Europe Economy

Euro zone business activity bounces back in July with strongest growth in 2 years

Key Points
  • In June, the region had already shown signs of a recovery.
  • A reading below 50 indicates an economic contraction.
  • However, the July number surpassed this threshold coming in at 54.8, indicating that economic activity grew for the first time since February. 
Andrey Rudakov | Bloomberg | Getty Images

The euro zone's business activity rebounded in July, according to preliminary data, as strict coronavirus lockdowns were further eased and more people returned to work.

In June, the region had already shown signs of a recovery with flash PMIs (Purchasing Managers' Index) hitting 47.5 — up from 31.9 in May. A reading below 50 indicates an economic contraction. However, the July number surpassed this threshold coming in at 54.8, indicating that economic activity grew for the first time since February. 

"Companies across the euro area reported an encouraging start to the third quarter, with output growing at the fastest rate for just over two years in July as lockdowns continued to ease and economies reopened. Demand also showed signs of reviving, helping curb the pace of job losses," Chris Williamson, chief business economist at IHS Markit which provides the data, said in a statement.

Firms in France led the recovery in the 19-member region, with both manufacturing and services reporting the best output growth in two-and-a-half years. France's flash composite output index (which measures both sectors) reached 57.6 in July, representing a 30-month high.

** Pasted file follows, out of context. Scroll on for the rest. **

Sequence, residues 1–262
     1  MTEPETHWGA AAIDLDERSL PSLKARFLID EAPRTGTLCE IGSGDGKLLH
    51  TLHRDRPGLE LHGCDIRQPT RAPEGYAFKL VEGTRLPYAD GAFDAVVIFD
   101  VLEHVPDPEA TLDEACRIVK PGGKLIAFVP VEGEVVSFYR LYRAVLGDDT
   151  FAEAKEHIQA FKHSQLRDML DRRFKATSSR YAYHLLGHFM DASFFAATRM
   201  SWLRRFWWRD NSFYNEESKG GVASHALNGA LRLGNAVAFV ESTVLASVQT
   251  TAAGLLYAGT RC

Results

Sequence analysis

However, the are still concerns about the shape of the recovery in the region. Many euro zone countries have reopened their economies, but there are social-distancing measures in place and many firms are operating at reduced capacity to avoid a spike in cases. 

As a result, there are worries that unemployment levels will soar in the coming months as firms struggle to operate at pre-Covid levels. Governments will also likely end their financial support for companies to keep all their employees on the payroll. 

"The concern is that the recovery could falter after this initial revival. Firms continue to reduce headcounts to a worrying degree, with many worried that underlying demand is insufficient to sustain the recent improvement in output. Demand needs to continue to recover in coming months, but the fear is that increased unemployment and damaged balance sheets, plus the need for ongoing social distancing, are likely to hamper the recovery," Williamson, from IHS Markit, said.

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